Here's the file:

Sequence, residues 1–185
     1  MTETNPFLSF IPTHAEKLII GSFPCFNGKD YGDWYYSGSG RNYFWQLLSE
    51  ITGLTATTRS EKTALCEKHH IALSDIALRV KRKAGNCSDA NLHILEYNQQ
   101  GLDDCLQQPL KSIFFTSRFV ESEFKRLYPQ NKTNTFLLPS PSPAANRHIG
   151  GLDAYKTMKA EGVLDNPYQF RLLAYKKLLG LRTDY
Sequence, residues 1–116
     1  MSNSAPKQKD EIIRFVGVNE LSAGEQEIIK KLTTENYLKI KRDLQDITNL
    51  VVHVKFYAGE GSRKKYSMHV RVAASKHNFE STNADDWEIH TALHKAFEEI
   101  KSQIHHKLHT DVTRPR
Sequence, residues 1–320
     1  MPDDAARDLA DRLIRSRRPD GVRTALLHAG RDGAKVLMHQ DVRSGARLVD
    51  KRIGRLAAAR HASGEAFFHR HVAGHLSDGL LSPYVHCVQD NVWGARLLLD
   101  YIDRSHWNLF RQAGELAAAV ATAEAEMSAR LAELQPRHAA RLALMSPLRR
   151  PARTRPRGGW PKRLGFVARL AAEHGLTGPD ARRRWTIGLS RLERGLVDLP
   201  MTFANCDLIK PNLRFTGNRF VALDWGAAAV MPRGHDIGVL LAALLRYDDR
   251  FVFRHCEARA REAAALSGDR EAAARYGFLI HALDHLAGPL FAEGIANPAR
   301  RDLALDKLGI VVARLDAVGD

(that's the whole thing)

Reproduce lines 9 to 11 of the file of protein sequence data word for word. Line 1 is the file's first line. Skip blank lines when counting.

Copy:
   101  KSQIHHKLHT DVTRPR
Sequence, residues 1–320
     1  MPDDAARDLA DRLIRSRRPD GVRTALLHAG RDGAKVLMHQ DVRSGARLVD